In just 3 minutes, what Starbucks and a hotel can teach us.

Miriam Kurtzig Freedman, JD, MA
3 min readAug 24, 2022

Tip # 4. The start of a new school year is a great time to retell these two little vignettes — stories I’ve collected over the years.

Over the years, I’ve trained myself to notice stuff. To be a pretty good observer. For example, I look at signs in stores or offices, mottos, what staff members say — to tell me if the company/store/school/autobody shop/or whatever, is a great one…. or not so much.

Here are two examples — one great one and one not so much. See what you think!

First, the great Starbucks message about pride.

I was in a hotel lobby a while ago (pre-Covid) that had a Starbucks concession. Above the counter was their sign, “We proudly brew Starbucks!”

HMMM. Corny maybe, but that motto has stayed with me. As I see it, it’s powerful not just for the customer, but also for staff members — its repetition may help them take ownership and pride in their work. Some may call that agency, as well.

So, I started thinking… Why not bring it — pride — to our schools! Why not ask or train school folks to say, “We proudly give your child a great education” or “We proudly work so your child gets a FAPE (free appropriate public education)” or whatever…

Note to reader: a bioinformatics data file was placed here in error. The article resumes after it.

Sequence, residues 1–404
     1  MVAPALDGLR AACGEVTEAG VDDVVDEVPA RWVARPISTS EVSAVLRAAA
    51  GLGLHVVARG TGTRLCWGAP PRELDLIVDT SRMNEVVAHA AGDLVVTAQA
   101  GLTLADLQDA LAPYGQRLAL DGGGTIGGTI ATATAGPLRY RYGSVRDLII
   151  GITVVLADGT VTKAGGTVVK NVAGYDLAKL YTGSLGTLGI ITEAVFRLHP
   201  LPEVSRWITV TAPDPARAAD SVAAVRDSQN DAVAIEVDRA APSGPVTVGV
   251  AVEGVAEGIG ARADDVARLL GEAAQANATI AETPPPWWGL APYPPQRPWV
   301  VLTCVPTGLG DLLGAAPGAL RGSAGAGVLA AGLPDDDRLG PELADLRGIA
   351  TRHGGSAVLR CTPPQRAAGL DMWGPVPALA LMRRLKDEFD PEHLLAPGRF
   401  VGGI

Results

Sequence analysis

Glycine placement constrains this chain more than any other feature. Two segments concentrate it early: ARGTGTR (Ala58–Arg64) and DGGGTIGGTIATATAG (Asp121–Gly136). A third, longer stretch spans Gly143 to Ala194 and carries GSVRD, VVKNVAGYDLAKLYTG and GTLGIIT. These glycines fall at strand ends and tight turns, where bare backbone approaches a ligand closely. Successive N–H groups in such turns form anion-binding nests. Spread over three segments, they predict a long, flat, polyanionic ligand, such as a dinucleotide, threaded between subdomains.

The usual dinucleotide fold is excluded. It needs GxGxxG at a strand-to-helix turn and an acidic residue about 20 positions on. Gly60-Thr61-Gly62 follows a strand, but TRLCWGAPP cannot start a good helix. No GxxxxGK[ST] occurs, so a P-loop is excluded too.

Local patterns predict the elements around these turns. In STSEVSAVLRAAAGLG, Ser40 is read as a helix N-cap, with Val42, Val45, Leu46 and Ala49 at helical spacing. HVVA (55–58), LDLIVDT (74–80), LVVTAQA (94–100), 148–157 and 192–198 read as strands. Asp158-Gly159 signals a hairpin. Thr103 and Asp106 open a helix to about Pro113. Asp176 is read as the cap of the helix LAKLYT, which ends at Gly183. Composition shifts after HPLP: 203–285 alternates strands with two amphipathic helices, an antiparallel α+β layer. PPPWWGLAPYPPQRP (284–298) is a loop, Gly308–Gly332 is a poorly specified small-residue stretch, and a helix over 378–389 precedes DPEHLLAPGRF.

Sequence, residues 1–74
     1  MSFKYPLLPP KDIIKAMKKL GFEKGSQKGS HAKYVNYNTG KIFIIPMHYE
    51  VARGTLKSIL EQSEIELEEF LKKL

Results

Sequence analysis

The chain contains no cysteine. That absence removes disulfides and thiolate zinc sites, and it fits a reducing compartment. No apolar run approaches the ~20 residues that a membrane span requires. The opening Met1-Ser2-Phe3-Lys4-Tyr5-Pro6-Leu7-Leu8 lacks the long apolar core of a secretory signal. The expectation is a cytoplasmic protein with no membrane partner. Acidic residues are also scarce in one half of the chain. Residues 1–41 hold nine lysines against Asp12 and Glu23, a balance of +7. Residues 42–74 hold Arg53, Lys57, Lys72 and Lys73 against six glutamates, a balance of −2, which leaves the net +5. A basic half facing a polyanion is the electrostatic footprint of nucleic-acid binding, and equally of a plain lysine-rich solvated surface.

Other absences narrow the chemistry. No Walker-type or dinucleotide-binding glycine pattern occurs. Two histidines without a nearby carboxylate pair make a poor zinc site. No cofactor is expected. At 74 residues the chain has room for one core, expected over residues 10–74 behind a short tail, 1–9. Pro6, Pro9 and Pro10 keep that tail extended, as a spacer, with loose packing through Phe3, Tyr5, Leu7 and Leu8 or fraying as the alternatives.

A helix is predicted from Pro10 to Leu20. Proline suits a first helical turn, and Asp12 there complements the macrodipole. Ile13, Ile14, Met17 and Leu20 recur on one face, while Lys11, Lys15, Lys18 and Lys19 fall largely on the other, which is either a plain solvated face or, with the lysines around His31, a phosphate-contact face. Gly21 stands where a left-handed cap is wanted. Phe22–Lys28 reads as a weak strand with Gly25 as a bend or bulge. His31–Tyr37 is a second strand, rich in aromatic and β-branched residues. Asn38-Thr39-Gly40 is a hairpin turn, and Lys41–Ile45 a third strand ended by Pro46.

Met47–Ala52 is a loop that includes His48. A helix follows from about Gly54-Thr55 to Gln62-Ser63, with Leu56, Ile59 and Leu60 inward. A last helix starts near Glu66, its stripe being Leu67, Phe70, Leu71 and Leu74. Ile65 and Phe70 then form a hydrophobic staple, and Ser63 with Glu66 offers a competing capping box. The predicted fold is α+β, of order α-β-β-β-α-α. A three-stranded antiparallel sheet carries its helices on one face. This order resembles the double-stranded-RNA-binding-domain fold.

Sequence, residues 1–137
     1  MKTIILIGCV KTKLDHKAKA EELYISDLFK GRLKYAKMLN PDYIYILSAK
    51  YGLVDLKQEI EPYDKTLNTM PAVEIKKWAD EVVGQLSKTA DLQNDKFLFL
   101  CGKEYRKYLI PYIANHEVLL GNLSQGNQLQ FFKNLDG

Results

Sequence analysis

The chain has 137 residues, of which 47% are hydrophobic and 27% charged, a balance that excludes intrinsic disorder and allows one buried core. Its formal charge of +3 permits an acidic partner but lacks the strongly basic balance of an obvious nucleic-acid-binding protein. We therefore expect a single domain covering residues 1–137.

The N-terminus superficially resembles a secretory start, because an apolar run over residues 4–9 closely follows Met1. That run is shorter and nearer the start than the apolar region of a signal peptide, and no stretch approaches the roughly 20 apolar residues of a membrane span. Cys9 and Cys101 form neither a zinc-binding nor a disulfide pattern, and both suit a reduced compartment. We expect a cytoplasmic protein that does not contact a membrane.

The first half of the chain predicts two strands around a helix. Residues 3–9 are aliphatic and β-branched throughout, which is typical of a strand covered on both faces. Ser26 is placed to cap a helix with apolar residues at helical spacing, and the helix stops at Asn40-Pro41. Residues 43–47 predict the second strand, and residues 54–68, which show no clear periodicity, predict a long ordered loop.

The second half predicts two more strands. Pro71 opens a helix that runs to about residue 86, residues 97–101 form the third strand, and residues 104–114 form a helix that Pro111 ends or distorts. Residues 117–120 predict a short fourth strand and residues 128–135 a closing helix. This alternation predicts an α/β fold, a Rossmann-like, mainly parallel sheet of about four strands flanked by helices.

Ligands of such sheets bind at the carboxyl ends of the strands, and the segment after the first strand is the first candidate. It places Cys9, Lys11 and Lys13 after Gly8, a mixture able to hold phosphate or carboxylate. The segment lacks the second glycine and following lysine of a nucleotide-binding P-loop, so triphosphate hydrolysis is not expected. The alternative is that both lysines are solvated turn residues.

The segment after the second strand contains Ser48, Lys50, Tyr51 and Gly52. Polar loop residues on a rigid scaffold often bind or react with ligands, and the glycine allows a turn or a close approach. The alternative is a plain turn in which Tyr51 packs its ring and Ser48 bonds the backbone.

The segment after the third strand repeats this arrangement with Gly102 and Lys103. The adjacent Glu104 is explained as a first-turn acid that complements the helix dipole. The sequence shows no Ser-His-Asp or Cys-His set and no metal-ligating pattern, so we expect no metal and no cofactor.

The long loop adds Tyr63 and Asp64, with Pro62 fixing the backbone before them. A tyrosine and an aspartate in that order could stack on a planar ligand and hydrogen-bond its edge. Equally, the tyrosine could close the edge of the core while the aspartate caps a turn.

Though it may sound or feel corny at first, say it often enough and it may sink in. And, because words have power, it’ll become powerful and become real.

Second, the not so great one — “They or we” or “How NOT to empower or train staff”.

Here’s my short not-so-great interchange with the receptionist at that hotel.

I went to the front desk (a well-known and well-regarded hotel, part of a large national chain, whose name I’ll not share). I had stayed there earlier, on another speaking tour.

So, I said to the receptionist, “You’ve updated the rooms since the last time I was here, haven’t you?”

She answered, “Yes, I believe they have 2 years ago.”

BOO! Oh NO! I was disappointed when the receptionist said “they”. I sensed that she was disengaged. She did not say “we.” To me, that is huge. I felt there was a disconnect between her and the hotel, her employer. How much better if she had said, “Yes, I believe we updated the rooms 2 years ago.” Wouldn’t that have had a completely different feel?

Miriam Kurtzig Freedman, JD, MA

Miriam Kurtzig Freedman, JD, MA, is a reformer, thought leader, lawyer, and author. Check out her book, Special Education 2.0 and her medicine bottle art!